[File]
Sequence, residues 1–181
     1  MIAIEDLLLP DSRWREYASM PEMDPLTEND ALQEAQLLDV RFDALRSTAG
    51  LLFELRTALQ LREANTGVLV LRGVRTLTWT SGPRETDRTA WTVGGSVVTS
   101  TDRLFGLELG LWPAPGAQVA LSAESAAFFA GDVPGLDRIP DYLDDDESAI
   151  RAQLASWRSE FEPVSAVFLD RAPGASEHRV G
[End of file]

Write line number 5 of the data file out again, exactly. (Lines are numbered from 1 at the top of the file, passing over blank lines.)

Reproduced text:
   151  RAQLASWRSE FEPVSAVFLD RAPGASEHRV G